When I joined The Options Clearing Corporation (OCC) in 2004, options trading activity had reached 3 million contracts a day. Volume growth had been relatively flat for a few years in the wake of the dotcom bust, but the economy was improving. I had no idea what was in store; to get a sense of what capacity to plan for, I reached out to the CIOs who worked with our business partners — the various options and futures exchanges — to learn how much business they expected to send our way.
We were all grossly off the mark! We’re currently averaging slightly fewer than 11 million contracts a day. And on Aug. 16, we cleared nearly 24 million contracts in one day, which is our current high volume day record. OCC has a rule of thumb that says we will maintain enough processing capacity to handle twice the volume of our most recent high-water mark, which typically is two to three times our daily average.
And so we diligently prove out our capacity objective with an annual test. But even though OCC’s capacity management is critical to the efficient operation of the industry, this is not enough to ensure that the demand from the ultimate consumers — those who buy and sell the contracts — can be successfully handled by everyone involved with processing each transaction. Each link in the value chain needs to be strong, and our relationships across corporate boundaries make them so.
The OCC is the financial guarantor of each options transaction, which we process on behalf of the six different options exchanges and three futures exchanges that comprise the U.S. security derivatives industry. These trades originate from consumers (retail customers and professional traders) and come to OCC through approximately 130 broker/dealers, our clearing members.
With all these players exchanging data, and with a 40 percent compound annual growth rate in trading volume since 2004, operational performance can get out of sorts quickly if we’re not reaching out to our clearing members and exchanges regularly. OCC can’t finalize trade processing until we have all the data from the exchanges and clearing members. Likewise, they cannot finalize their processing until OCC is finished with its part of the transaction. So it’s important to be sure we all have the capacity to handle the increasing volumes and also the resiliency to manage operational problems or disasters if or when they happen.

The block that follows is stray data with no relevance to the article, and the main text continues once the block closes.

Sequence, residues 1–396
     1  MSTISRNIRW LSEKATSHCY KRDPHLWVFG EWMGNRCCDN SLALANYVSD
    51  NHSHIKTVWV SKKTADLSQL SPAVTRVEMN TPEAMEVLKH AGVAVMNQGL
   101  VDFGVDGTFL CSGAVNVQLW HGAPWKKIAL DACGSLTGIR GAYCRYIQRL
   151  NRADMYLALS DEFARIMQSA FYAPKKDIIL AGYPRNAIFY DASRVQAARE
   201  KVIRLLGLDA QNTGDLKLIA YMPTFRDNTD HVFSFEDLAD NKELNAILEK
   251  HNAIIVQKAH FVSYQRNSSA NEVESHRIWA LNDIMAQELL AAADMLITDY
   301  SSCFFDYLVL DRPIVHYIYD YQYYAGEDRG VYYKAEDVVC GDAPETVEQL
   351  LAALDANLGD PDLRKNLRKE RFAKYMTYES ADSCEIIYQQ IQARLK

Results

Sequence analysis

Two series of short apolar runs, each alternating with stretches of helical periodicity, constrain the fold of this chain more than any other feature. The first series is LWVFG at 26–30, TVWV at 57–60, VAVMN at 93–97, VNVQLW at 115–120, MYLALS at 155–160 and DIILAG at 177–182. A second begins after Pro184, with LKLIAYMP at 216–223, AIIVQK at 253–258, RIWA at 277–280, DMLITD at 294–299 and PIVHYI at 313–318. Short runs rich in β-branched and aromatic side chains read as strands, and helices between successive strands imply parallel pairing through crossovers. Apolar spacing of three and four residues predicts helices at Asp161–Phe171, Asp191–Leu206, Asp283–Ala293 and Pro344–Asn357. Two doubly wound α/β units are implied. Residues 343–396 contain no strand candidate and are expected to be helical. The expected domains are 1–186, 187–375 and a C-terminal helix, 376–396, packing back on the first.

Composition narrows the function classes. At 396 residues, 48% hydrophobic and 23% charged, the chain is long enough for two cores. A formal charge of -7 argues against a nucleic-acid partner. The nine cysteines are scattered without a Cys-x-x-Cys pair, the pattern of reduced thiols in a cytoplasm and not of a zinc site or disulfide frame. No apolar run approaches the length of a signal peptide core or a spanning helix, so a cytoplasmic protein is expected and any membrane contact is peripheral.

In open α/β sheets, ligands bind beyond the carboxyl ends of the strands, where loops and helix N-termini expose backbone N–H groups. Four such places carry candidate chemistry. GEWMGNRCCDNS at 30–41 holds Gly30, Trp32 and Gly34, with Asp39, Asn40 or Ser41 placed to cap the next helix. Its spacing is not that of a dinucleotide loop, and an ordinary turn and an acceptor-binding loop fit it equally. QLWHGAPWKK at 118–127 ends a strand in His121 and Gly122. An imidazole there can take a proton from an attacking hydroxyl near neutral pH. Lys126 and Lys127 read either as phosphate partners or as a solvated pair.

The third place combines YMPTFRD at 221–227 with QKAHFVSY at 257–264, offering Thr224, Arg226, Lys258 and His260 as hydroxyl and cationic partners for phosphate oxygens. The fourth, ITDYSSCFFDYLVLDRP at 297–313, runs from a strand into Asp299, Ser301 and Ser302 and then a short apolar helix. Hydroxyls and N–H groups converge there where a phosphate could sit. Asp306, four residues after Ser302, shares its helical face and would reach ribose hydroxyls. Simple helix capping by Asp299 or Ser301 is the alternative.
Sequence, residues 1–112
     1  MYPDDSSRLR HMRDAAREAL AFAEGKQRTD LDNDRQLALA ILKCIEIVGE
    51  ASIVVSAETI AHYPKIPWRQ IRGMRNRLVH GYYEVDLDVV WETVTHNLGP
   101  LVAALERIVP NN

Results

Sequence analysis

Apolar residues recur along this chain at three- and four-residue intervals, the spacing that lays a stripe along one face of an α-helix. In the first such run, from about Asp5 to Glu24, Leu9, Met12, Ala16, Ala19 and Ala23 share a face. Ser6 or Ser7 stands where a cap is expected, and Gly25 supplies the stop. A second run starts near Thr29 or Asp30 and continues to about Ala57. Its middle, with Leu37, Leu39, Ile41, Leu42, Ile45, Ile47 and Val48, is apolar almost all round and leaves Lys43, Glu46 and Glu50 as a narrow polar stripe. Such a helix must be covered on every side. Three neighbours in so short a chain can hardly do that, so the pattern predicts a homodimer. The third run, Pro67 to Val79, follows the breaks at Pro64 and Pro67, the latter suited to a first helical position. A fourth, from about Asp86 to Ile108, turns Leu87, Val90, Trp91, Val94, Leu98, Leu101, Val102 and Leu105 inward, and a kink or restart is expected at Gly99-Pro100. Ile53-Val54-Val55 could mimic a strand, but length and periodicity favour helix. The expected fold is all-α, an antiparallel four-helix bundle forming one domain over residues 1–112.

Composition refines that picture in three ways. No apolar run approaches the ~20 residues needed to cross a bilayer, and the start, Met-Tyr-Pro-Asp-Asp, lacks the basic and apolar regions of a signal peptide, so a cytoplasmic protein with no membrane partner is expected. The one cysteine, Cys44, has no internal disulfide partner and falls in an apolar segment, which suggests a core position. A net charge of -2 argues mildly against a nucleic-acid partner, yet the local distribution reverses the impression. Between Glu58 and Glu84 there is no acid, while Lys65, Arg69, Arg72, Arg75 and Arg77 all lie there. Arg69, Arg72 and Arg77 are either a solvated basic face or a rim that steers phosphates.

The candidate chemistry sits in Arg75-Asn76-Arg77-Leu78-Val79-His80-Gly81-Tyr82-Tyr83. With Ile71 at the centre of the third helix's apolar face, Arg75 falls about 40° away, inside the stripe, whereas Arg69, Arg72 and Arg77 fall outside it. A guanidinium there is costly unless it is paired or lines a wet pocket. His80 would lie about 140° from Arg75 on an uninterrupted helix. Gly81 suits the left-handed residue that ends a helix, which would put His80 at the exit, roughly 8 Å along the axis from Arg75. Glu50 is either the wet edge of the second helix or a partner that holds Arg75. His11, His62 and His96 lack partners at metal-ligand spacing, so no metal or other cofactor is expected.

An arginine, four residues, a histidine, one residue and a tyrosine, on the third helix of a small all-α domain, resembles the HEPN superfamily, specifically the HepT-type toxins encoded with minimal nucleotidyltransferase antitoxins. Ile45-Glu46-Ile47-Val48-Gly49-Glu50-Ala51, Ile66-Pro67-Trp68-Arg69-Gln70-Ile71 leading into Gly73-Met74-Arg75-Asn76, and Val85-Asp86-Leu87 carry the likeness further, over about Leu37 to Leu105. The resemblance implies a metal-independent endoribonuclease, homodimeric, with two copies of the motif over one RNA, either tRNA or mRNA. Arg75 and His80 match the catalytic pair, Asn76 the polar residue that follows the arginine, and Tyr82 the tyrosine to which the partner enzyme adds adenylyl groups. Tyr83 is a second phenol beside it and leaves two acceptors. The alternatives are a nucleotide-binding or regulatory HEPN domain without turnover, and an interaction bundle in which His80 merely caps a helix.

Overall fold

Therefore, although most CIOs have an overview of everything within the four walls of their organization, at OCC we think beyond them, to the industry as a whole.
Seize opportunities to make connections
As companies in other industries become more dependent on cross-company operations, CIOs will need to increase their collaboration and leadership role in their industries.
Besides our routine interactions, we also come together via industry roundtable meetings. OCC chairs four operational roundtables with the exchanges and clearing members each year, as well as three technology roundtables with the IT staff from those same companies. So I have at least seven opportunities each year to sit with our suppliers and customers to talk about operational and technology issues, new products, efficiency opportunities and more. These meetings help keep everyone abreast of industrywide issues and initiatives. They are also very valuable in helping us establish and build relationships among our industry constituents.